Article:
The way energy companies are issuing debt, it feels like spring is in the air -- the spring of 2014. Back then, the industry was riding high on $100-a-barrel oil, and companies were selling mountains of debt to fund ambitious growth strategies.
The way energy companies are issuing debt, it feels like spring is in the air — the spring of 2014. Back then, the industry was riding high on $100-a-barrel oil, and companies were selling mountains of debt to fund ambitious growth strategies. It was a time when “almost anybody could bring an energy deal, and almost everybody tried,” said Scott Roberts, head of high-yield investments at Invesco Ltd. in Atlanta. Then oil prices plunged, along with the fortunes of many borrowers. Crude hasn’t approached $100 since, but it has stabilized around $50, and that has energy companies returning to credit markets at the fastest pace in three years. This time, companies like Transocean Ltd. are looking to refinance more than to expand. And they are finding pent-up investor demand that is bolstering prices and creating incentive for issuers to come forward, Roberts said.
“Fifty-dollar oil seems to be this psychological barrier where people don’t want to get left behind,” said Roberts, who oversees $5.5 billion in assets, including about $750 million in energy. “The bankers are calling any company that they can that has a need to refinance right now, when the market is strong and covenant protections are weakening.” High-yield U.S. energy debt supply neared $7 billion in September and accounted for 31 percent of total issuance, the most in any month this year, data compiled by Bloomberg show. In investment grade, energy was the most robust non-financial sector last month, bringing in $15.2 billion on 19 deals.
The momentum has carried over to October, with Transocean selling $750 million of bonds Wednesday to pay down debt and was said to have received orders of as much as $2.4 billion. That followed an offering from Energy Transfer Equity LP, which boosted its deal to $1 billion from $750 million. Gulfport Energy Corp. joined the mix on Thursday, with a $450 million bond sale to repay outstanding borrowings. This all follows a week when energy accounted for a third of high-yield issuance.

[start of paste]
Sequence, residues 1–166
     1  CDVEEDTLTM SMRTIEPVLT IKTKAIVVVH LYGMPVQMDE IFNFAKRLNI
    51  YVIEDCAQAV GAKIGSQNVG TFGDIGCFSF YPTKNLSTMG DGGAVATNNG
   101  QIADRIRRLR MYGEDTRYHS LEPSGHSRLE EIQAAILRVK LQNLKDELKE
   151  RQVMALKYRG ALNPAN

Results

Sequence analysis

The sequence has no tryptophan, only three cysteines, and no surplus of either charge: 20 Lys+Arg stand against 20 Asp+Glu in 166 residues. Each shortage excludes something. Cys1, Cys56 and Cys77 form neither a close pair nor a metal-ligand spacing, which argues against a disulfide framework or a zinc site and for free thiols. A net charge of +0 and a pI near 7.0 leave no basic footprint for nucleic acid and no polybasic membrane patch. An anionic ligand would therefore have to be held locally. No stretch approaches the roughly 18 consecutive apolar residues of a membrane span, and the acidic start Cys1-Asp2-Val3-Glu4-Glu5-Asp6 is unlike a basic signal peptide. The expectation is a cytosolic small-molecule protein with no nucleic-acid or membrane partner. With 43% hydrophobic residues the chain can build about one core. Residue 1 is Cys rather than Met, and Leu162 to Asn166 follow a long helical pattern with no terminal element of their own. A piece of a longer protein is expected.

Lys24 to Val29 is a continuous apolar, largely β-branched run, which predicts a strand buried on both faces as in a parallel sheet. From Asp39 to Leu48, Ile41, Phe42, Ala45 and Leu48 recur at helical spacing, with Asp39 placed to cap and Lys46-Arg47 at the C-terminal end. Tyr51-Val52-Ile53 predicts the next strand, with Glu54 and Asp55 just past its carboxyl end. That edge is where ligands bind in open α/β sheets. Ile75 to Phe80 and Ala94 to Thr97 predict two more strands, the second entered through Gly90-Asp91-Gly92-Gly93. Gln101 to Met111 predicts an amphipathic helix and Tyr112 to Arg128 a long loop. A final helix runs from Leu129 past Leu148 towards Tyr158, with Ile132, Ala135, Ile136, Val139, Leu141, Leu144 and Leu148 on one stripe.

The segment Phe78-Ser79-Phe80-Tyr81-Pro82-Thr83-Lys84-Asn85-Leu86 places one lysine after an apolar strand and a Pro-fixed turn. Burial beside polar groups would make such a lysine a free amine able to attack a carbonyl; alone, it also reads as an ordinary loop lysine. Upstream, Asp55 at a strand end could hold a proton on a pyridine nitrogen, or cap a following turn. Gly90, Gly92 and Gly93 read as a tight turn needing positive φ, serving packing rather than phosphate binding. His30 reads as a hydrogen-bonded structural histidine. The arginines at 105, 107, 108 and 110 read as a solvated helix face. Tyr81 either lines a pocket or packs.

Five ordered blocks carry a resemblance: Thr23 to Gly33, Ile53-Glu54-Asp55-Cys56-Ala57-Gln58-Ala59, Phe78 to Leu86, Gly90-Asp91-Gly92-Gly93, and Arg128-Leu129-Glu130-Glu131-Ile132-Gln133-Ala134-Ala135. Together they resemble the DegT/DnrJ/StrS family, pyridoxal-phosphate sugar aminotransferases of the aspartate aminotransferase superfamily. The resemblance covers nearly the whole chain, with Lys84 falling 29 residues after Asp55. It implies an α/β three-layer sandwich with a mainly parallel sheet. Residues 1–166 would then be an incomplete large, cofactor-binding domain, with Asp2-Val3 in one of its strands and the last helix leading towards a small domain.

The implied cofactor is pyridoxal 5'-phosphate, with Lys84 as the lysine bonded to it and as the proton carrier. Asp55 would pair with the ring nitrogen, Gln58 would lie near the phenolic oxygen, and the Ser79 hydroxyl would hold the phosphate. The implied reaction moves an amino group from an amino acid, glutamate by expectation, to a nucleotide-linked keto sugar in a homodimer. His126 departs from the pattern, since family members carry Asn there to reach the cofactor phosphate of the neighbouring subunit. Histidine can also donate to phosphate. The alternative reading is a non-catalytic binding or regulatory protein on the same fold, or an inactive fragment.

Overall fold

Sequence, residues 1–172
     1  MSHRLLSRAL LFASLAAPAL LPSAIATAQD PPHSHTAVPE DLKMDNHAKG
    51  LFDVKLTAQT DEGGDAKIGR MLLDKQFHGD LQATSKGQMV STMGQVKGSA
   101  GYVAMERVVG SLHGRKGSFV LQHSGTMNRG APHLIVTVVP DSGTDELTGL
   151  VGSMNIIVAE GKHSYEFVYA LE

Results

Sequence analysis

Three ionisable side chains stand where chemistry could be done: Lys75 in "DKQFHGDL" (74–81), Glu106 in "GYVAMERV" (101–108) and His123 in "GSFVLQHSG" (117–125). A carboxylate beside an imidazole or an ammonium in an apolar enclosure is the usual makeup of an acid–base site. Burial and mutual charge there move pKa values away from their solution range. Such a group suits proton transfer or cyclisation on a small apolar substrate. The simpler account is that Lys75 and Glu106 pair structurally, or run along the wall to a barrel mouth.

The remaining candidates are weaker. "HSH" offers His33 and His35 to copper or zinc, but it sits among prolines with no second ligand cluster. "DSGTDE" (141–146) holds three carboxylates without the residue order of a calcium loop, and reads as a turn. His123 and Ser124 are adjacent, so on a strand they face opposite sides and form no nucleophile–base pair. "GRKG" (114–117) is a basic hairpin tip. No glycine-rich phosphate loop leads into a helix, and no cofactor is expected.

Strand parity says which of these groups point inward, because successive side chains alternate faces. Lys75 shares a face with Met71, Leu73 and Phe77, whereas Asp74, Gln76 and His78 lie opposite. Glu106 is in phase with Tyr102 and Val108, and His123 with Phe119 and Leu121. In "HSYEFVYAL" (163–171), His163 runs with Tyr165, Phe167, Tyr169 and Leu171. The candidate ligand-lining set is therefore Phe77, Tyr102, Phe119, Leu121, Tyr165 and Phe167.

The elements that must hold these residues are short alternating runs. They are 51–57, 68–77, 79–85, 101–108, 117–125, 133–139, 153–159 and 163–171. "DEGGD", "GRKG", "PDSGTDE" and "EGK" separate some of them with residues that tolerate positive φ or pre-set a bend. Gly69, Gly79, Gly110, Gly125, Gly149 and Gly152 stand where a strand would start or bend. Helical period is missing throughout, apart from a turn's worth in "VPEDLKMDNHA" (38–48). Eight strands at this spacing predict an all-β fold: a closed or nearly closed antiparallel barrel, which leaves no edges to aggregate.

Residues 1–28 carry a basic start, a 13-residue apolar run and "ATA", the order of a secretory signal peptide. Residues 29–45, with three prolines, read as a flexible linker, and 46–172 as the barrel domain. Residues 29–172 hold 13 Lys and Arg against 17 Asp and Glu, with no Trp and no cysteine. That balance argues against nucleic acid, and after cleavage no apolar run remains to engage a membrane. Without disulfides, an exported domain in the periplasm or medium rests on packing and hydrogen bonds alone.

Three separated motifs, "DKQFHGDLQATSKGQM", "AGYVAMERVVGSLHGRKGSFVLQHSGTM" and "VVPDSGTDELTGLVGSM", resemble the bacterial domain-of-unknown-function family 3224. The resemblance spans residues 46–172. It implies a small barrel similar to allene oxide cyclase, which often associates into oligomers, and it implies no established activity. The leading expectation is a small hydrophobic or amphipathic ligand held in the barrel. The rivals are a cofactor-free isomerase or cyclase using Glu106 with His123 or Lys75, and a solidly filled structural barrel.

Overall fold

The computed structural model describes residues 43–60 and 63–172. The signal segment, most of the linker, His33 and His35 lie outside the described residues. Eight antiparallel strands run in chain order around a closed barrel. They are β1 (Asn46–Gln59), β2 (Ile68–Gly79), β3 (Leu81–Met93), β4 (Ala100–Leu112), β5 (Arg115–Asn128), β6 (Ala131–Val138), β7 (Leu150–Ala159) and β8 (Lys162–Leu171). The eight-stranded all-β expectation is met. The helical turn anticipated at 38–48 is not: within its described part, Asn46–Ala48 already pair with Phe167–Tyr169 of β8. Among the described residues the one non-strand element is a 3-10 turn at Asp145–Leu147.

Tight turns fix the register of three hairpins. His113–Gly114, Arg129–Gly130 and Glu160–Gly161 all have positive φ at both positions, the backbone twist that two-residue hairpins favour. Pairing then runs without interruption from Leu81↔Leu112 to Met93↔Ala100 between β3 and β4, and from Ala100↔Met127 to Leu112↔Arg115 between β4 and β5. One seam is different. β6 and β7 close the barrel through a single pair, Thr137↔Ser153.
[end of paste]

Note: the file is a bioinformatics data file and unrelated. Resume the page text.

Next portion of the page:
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The market has returned to life as energy-sector bankruptcies have fallen sharply, the latest sign of stabilization. Through July this year, 14 North American oil and gas producers had sought bankruptcy protection, representing about $5.1 billion in debt, according to a report from Dallas-based law firm Haynes & Boone LLP. That compares with 55 companies in the same period last year. And with U.S. oil and gas companies facing $71 billion of debt maturing in 2019, according to S&P Global Ratings, the timing couldn’t be better. The rally in energy, which makes up about 14 percent of high-yield issuance, has helped boost the broader index, where yield-starved investors have welcomed offerings from even the junkiest of issuers. Amid their enthusiasm, the extra interest that junk-rated bonds offer over risk-free Treasuries has dropped to a three-year low.
To be sure, energy investors are more discerning than in 2014. The focus now is on business discipline and holding companies accountable on profitability, said Jim Brilliant, chief investment officer at Century Management Investment Advisors. “There’s a growing confidence, but there’s still a fair amount of skepticism in the market on whether or not this is truly a sustainable move in oil,” said Brilliant, who has about 10 percent of his $67 million fund in energy. “There’s a big push now by not only lenders, but by investors to live within cash flows.” While debt markets have proven receptive so far, the good times may not roll on if OPEC fails to keep a lid on production or if crude inventories don’t return to previous lower levels, S&P analyst Paul Harvey said in a report Tuesday.
That may prompt banks to tighten up on energy, pushing some high-yield issuers into bankruptcy, he said. “Lenders are tiring of supporting negative cash flows, particularly because of the relatively flat commodity prices,” said Harvey. “If this weariness leads lenders to stem their support by requiring more restrictive covenants or indentures that would limit negative cash flow, it would be a rude awakening for an industry that has typically put growth before positive cash flow.”